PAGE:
UK policy makers discuss bitcoin regulation at 10 Downing Street
The potential regulation of UK bitcoin companies was discussed at a meeting this morning at the government’s headquarters, 10 Downing Street.
Hosted by the Number 10 Policy Unit, the Financial Innovators Summit was attended by a number of financial technology companies, UK regulators and government members.
Tom Robinson, co-founder of yet-to-launch UK virtual currency exchange BitPrice, attended the 1.5-hour meeting. He said: “The attendees ranged from crowdfunding companies to payment services businesses. There were also several representatives from the treasury, the FCA, the Number 10 Policy Unit, the Department for Business, Innovation and Skills and a few of the smaller banks.”
He went on to say the organisers of the meeting mentioned bitcoin in their introductory speech, describing it along the lines of an “exciting new area of financial innovation, but one that faces some regulatory issues”.
Lack of guidance
Later on in the meeting, Robinson raised the point that the lack of clear regulatory guidance in the UK is stifling innovation in the digital currency space.
“We think it should be appropriate legislation, but we also think it should be put in place fairly rapidly, otherwise the UK is going to lose out.”
One of the meeting attendees suggested there should be an international approach to the regulation of bitcoin and other virtual currencies, but Robinson questioned how easy this would be and how long it would take to create. He suggested that, while the UK can tend to follow in the footsteps of the US, regulators at the meeting said they are going to look into the subject themselves and make their own decisions.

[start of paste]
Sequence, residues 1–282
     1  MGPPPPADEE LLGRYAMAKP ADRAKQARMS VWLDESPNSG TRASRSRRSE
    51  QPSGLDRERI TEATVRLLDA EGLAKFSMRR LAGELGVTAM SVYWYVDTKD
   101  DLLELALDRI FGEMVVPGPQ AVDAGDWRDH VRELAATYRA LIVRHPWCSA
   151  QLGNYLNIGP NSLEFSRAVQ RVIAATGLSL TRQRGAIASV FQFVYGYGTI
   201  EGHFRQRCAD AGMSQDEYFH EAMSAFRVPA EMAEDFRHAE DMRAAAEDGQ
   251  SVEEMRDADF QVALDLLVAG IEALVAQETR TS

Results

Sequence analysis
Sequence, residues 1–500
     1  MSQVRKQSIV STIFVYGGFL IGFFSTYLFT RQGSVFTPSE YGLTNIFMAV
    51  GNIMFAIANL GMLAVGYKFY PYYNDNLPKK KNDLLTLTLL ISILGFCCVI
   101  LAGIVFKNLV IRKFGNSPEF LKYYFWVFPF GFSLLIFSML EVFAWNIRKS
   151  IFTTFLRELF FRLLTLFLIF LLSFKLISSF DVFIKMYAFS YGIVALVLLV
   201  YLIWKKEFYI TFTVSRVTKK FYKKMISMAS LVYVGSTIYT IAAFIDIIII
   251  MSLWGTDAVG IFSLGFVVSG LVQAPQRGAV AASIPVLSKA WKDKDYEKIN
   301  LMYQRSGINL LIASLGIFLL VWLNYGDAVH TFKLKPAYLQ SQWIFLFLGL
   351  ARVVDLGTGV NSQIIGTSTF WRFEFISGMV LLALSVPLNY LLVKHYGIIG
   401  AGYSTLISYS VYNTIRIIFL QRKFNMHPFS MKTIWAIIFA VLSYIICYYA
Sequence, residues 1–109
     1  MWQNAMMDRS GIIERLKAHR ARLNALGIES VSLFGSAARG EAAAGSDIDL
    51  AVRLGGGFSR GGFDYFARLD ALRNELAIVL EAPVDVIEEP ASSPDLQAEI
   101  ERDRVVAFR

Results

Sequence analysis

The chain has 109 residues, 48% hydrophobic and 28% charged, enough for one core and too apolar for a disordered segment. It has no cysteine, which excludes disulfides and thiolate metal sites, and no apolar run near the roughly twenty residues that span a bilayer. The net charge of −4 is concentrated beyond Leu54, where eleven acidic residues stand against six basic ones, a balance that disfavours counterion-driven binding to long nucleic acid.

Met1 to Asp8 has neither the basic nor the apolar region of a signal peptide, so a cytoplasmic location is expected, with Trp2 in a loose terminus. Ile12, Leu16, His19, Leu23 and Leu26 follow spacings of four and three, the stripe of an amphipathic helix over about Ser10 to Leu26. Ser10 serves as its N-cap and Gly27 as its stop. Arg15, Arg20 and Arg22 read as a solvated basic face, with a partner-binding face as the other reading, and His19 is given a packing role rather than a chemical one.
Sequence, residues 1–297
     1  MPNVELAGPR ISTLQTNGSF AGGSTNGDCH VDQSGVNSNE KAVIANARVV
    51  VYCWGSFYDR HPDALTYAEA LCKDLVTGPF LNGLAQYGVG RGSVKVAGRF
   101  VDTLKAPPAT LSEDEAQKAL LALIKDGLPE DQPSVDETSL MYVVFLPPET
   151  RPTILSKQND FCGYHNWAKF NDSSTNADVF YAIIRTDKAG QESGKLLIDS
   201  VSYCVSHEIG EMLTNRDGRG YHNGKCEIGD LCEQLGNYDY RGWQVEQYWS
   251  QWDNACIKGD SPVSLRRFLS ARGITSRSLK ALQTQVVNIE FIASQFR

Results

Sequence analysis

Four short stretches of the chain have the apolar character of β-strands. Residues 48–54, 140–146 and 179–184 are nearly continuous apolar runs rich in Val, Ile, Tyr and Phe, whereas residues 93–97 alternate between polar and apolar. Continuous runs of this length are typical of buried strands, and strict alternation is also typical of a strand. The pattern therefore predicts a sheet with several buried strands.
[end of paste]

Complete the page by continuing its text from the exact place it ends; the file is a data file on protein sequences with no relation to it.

Robinson said he left the meeting feeling largely optimistic, as the FCA said it is actively looking into virtual currencies and how they should be regulated. However, the body didn’t give any kind of time frame on how long it would take to come to a decision.
“The very broad point the FCA made was that it needs to balance the concerns and the security of consumers against the wish to increase competition in the financial services sector and to encourage innovation,” he explained.
A spokesperson from the FCA said: “Whilst the FCA does not regulate bitcoins, businesses providing services related to bitcoins, or other digital currencies, should consider whether they are carrying on regulated activities. As you would expect, the FCA does watch new developments in the market.”
Robinson thinks one of the main issues faced not only by digital currency businesses, but all money services companies, is that it’s very difficult to find a bank to work with.
“The regulators’ current point of view is that it’s up to the banks – they can make a commercial decision not to work with a company. Although, companies at the meeting made the point that banks are making these ‘commercial decisions’ because of the regulatory framework imposed on them by the regulators. That framework should be changed.”
BitPrice is currently lobbying, meeting with regulators and meeting with banks in an attempt to make it easier for UK-based bitcoin companies to gain bank accounts.
UK Bitcoin Foundation
Robinson is one of around six people who have been involved in creating the UK chapter of the Bitcoin Foundation.
“We will follow the broad aims of the Bitcoin Foundation to protect, promote and standardise bitcoin with a focus on the UK. We will represent bitcoin businesses and users when they come up against regulators and the government,” he explained.
The UK chapter’s board is now in place, but it is waiting for the foundation to explain exactly how the relationship between the two will work.
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